QUESTIONS.-11. What are the Vowels ? 12. What do you understand by Cognate Consonant Sounds ? the Aspirate letter? the Liquids ? the redundant signs ? 13, 14. What other classifications are there of Consonant Sounds? 15. What is a Diphthong? Name the distinction between a proper and improper diphthong. What is a Triphthong? 16. What is a Letter ? 17. What is the peculiarity of Consonant Sounds ? Why are they so called ? Why are Vowels so called ? 18. Name the distinction. 19. What is meant by explosive Consonant Sounds? What by continuous ? 20. How are elementary sounds classified ? 21. Name the Compound Vowel Sounds. The Compound Consonant Sounds. 22. What do you understand by the word redundant? What are the redundant letters of the English Alphabet ? 23. What the deficient ?


24. A.— It has been seen that a represents four elementary sounds : 1. The ancient or Italian sound, as in father. 2. The short sound, as in mắt. 3. The long sound, as in mate. 4. The broad sound, as in full. These sounds are variously modified, according to their combinations with other sounds; as in the following words : liar, care, what, many.

25. The sound of a interchanges with o in salt, wash, &c., where the a has nearly the sound of o in not. It interchanges with the sound usually

represented by short e in many, any, says, &c. The change from a to o takes place most especially before 1, as in wall, call. When the liquid I is followed by another Consonant, the l is generally sunk in the pronunciation, as in falcon, salmon, pronounced faucon, sammon.

26. Æ, an Improper Diphthong, is borrowed from the Latin, in which language it is always long. In English it is used only in words of Latin origin or formation ; and it is sometimes long, as in păan, and sometimes short, as in cătěra.

27. Ai, an Improper Diphthong, is equivalent to long a, as in pail; to short a, in plaid, raillery ; and sometimes to short e, as in said, again, against. It has the sound of long i in aisle, and of short i in fountain, curtain, &c.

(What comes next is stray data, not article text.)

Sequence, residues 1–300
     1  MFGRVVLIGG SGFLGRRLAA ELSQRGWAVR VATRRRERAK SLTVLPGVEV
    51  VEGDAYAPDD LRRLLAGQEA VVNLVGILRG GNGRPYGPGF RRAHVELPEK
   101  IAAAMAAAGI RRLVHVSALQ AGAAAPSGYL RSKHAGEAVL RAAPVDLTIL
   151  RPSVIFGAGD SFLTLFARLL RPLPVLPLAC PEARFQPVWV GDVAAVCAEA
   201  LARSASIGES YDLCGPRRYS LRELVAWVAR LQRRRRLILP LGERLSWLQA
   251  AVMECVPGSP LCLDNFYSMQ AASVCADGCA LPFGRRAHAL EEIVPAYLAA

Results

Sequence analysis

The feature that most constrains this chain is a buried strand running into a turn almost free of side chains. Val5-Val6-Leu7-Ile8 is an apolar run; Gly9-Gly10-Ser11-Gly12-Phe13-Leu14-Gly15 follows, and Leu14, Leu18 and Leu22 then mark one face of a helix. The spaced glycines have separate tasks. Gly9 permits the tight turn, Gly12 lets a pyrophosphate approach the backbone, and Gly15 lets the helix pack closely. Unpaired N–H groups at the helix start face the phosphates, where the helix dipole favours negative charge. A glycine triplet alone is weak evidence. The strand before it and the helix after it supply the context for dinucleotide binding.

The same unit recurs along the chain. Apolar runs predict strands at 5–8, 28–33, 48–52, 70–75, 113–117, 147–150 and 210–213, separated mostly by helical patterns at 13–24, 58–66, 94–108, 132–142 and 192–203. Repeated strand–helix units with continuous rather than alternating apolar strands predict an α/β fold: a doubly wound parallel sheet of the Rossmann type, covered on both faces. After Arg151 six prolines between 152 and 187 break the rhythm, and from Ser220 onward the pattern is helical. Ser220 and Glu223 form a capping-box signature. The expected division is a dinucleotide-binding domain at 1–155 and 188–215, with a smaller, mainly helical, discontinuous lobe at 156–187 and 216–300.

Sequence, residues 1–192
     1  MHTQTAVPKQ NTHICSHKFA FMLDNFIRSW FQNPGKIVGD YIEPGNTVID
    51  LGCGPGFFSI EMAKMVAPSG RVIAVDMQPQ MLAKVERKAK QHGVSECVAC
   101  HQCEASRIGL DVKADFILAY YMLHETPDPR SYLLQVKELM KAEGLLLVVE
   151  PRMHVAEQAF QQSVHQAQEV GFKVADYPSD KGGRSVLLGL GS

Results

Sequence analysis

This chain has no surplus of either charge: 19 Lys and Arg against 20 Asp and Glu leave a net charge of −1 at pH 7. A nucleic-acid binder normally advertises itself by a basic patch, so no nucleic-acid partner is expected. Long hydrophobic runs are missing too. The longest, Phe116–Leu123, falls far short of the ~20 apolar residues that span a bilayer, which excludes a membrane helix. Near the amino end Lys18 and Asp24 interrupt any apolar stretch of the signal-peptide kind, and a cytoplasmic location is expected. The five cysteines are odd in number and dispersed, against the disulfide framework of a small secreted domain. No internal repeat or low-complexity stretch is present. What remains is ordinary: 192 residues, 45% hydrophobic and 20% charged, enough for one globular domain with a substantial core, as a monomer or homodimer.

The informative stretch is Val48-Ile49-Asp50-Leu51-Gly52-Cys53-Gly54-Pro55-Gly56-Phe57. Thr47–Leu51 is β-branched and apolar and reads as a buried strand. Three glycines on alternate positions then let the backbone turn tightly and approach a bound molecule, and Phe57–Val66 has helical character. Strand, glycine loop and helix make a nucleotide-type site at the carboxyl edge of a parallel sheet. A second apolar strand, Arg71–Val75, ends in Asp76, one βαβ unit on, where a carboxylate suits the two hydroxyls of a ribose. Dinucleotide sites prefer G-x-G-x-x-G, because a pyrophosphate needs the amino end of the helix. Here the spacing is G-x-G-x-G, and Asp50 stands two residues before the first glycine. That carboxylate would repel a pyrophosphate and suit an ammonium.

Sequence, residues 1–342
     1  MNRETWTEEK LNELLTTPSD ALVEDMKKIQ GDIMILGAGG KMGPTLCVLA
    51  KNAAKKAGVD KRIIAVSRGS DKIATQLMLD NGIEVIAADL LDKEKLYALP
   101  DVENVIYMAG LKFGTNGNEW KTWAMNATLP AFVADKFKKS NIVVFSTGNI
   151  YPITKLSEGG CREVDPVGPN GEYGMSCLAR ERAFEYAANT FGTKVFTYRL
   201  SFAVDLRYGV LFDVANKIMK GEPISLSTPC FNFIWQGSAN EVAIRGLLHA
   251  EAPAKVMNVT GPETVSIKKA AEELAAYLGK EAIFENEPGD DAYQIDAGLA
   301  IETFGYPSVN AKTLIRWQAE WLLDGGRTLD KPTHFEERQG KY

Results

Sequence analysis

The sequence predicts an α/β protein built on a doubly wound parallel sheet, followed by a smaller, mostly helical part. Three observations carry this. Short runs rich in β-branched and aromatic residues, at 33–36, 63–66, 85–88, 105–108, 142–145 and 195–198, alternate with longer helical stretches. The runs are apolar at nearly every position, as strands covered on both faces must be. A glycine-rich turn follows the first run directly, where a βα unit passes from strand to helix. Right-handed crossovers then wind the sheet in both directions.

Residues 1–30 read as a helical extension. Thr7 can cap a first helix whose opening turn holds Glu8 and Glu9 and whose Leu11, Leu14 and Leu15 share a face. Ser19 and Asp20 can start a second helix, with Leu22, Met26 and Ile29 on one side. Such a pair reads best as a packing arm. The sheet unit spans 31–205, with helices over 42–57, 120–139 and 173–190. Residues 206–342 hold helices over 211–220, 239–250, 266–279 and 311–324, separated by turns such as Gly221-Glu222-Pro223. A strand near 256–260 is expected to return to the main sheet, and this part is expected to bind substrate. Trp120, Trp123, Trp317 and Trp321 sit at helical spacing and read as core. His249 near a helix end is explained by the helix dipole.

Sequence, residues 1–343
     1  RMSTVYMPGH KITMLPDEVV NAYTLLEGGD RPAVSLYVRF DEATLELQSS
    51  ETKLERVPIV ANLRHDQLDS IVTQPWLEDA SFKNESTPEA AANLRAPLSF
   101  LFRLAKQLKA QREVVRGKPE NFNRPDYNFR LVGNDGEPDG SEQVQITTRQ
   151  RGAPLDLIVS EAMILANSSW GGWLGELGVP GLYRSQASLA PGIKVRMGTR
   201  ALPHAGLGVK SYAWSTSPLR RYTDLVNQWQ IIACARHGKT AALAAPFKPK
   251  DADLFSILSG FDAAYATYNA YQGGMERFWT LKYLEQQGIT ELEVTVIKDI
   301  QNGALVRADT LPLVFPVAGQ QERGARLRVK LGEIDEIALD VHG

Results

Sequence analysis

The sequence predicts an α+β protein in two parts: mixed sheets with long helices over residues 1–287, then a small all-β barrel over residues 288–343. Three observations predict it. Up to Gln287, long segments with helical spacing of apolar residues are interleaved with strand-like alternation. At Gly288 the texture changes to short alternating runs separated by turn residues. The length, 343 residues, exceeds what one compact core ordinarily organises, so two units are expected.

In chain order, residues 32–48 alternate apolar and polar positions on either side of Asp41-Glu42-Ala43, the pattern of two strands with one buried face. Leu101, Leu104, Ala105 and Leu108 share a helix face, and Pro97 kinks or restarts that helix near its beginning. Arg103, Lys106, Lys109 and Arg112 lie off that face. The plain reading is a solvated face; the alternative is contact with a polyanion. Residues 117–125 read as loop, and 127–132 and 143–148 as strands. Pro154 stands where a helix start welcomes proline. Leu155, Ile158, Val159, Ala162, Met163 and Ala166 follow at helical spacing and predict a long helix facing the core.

28. Au, an Improper Diphthong, is equivalent to broad a in cause, and sometimes to the Italian a, as in aunt, and to long a in gauge. In hautboy (the t mute) it has the sound of long o. Aw, an Improper Diphthong, has the sound of broad a, as in maw. Ay, a Proper Diphthong in the word ay, is elsewhere an Improper Diphthong, and is equivalent to long a as in day, except in quay, which is pronounced ke.

29. E.- E represents two elementary sounds, the Fifth and the Sixth. 1. The long sound, as in mēte. 2. The short sound, as in mēt. It has an obtuse sound in her. It is sometimes equivalent to long a, as in there, where ; but were is properly pronounced wer (the e as in her). E is sometimes equivalent to short i, as in England.

30. Before an unaccented final syllable, when it precedes 1 or n, e sometimes has an indistinct, short sound, and is sometimes suppressed altogether. It is sounded in chapel, flannel, travel, chicken, vessel, kitchen, sudden, woollen, &c.; and it is suppressed in drivel, gravel, heaven, &c. At the end of words it is always mute, except in monosyllables which have no other vowels, and in some proper names, as Tempë, Lethë, &c.

31. The sound of e is generally suppressed in the preterites of verbs, and in participles, in ed, when the e is not preceded by d or t; as feared, praised, tossed, &c., pronounced feard, praisd, tost. In poetry, the sound of the e is sometimes retained ; and to signify this, it may have over it the mark of the Dia'risis (a Greek word, meaning division or separation), as in praised, blessed, which when thus marked ought to be pronounced as words of two syllables. The acute or grave accent is sometimes used for the same purpose.